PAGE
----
We can, however, wonder about the objective of the legislator who would have voluntarily excluded from the scope of this new scheme “firms”, i.e. commercial companies with a legal personality that are subsidiaries of a group. What is the legislator’s actual intention? Is this merely an unfortunate and clumsy wording? To find out about it, we will have to wait for courts to render decisions in this respect…
– the concept of “closure of an establishment”: Are considered as a closure (i) the complete cessation of activity of the establishment, (ii) the merger of several establishments outside the employment area where they were located, (iii) the transfer of an establishment outside the employment area where it is located, wherever they result in the implementation of collective lay-off plan in connection with contemplated dismissals on economic grounds, at the level of the establishment or the company.
The second point calls for two comments. The first is that the reference to the implementation of a collective lay-off plan is now clearer.
The obligation to search for a buyer is imposed only if the implementation of a collective lay-off plan is seriously envisaged.
The second comment is related to the last paragraph of Article R. 1233-15 of the French Labor Code.
Indeed, following the enactment of the Florange Law, one could legitimately wonder about the concept of “closure”. Was this concept designed to mean a “physical” closure or an “economic” closure? The question is not without significance as the geographical transfer of an establishment constitutes a “physical” closure but not an “economic” one.
On this last point, the Decree confirms our concerns; it the “geographical” approach that prevails since the merger of several establishments or the transfer of an establishment outside their/its initial employment area are to be considered as closure with the meaning of the Decree.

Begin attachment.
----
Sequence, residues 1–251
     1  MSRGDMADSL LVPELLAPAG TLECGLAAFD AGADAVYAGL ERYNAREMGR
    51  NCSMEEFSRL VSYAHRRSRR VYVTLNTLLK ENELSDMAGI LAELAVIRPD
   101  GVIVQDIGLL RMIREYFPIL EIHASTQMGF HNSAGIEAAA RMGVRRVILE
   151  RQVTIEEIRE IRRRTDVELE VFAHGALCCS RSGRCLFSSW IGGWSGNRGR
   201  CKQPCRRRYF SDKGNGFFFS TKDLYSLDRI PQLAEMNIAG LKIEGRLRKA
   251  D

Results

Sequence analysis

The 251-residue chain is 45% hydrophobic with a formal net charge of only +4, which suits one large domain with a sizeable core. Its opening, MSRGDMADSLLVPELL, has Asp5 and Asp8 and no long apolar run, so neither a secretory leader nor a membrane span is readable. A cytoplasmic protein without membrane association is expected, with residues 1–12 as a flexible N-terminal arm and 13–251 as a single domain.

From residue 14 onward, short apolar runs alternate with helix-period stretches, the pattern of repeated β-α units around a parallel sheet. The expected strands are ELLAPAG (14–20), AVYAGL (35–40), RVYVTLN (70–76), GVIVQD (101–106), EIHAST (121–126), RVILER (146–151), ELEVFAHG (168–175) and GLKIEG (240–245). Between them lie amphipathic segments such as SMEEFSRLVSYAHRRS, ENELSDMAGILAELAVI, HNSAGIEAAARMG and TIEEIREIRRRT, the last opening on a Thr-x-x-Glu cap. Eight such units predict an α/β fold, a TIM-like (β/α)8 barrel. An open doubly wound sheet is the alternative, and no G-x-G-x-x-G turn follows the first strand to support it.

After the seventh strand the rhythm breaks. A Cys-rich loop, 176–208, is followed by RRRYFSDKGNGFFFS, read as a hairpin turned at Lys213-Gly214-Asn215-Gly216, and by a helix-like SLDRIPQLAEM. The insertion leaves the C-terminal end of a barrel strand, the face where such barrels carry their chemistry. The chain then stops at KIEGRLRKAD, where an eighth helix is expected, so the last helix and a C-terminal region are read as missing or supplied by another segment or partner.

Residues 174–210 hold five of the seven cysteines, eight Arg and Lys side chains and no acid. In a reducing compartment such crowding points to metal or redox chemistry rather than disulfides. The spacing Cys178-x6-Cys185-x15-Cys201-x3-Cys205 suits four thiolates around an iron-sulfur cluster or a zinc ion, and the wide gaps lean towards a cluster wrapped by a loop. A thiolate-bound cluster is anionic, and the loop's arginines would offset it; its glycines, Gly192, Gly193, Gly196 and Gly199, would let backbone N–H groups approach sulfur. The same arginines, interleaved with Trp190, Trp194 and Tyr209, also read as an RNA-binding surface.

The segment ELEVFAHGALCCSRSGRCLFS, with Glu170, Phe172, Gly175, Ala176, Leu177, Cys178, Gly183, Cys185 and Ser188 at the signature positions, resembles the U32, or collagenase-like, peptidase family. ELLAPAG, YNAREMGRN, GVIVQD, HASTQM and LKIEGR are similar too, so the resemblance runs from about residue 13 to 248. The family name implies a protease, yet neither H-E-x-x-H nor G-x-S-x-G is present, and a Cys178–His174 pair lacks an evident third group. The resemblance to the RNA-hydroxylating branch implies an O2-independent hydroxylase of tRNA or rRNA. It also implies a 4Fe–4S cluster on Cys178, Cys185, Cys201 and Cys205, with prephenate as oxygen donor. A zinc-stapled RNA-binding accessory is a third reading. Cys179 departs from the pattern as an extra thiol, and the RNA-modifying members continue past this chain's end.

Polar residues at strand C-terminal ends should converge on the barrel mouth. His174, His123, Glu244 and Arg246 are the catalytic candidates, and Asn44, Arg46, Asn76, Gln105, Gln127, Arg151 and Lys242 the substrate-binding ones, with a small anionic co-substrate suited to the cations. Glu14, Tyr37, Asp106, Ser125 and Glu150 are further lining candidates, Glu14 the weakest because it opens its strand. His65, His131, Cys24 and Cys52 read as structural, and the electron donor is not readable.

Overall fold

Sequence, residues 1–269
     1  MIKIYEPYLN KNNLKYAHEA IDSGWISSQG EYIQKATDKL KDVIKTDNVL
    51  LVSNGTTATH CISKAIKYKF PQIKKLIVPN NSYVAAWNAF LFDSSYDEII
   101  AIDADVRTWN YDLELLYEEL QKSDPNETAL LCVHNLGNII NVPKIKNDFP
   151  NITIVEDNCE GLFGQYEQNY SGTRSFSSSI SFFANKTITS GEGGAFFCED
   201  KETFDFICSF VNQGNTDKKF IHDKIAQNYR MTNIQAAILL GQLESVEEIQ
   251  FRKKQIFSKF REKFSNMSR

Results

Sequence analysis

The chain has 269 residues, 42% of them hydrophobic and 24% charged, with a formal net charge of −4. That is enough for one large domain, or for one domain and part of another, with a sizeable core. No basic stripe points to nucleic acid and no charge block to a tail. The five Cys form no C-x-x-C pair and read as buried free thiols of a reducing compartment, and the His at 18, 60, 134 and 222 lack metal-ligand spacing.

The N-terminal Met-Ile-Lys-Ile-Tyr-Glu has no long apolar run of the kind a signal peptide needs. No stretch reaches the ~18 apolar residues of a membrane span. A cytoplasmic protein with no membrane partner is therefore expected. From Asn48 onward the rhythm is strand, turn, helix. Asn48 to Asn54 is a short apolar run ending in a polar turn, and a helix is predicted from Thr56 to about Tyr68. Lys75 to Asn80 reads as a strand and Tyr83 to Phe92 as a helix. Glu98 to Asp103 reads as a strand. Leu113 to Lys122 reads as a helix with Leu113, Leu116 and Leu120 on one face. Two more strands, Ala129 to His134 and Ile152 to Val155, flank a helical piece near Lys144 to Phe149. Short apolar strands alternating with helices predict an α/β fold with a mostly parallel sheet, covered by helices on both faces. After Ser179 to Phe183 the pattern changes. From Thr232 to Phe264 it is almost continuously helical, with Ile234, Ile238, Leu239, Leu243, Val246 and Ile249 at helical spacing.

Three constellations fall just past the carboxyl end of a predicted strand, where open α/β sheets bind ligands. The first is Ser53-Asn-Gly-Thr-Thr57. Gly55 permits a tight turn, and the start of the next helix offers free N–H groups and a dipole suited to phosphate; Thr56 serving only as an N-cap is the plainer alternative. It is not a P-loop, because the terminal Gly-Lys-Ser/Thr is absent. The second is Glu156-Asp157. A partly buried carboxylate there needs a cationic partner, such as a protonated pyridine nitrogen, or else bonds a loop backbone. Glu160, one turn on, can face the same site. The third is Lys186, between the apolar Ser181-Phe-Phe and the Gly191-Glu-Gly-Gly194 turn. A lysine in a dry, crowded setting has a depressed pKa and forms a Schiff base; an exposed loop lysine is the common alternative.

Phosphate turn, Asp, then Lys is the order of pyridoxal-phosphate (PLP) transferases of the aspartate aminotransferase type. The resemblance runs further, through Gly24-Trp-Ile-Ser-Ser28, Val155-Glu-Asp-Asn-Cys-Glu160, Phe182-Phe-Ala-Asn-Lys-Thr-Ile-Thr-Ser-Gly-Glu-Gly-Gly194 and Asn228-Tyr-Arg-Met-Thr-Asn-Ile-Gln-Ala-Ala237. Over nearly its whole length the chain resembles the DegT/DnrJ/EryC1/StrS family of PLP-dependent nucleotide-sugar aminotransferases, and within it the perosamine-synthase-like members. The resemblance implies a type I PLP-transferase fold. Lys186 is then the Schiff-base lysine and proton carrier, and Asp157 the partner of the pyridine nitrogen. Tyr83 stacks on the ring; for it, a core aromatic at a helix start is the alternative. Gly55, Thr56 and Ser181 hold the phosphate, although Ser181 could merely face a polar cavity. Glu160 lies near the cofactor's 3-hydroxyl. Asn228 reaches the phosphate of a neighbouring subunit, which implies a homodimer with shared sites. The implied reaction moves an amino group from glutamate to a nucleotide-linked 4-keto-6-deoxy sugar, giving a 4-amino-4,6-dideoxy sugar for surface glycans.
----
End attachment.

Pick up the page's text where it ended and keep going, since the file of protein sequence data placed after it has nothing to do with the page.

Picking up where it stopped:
As such, preference is given to a territorial vision of the obligation, which is regrettable and rather unrealistic because what can a company offer to a potential buyer when the business is merely transferred from one area to another? Premises that it most usually leases from a landlord…
At the end of the day, despite the long-standing efforts made by the legislator to make this text operational, we can only but see the demagogic aspect of the scheme.
By keeping implementing dispersed measures that must satisfy some (trade-unions) without too much frustrating others (companies and employers’ organizations), we end up with shaky schemes that do not fully satisfy anyone.
Whereas series of measures are announced to simplify French labor law and make it more flexible, this obligation paradoxically makes procedures governing collective dismissals on economic grounds more complex and more burdensome.
Well… for the few companies and groups concerned… because if, in the end, only establishments with 50 employees that do not have a legal personality – as opposed to group companies – are targeted, the scope of application of the text if considerably reduced!
Finally, once again, the Florange Law looks like a smokescreen for French unions, but an increasingly anxiety-provoking smokescreen for foreign investors…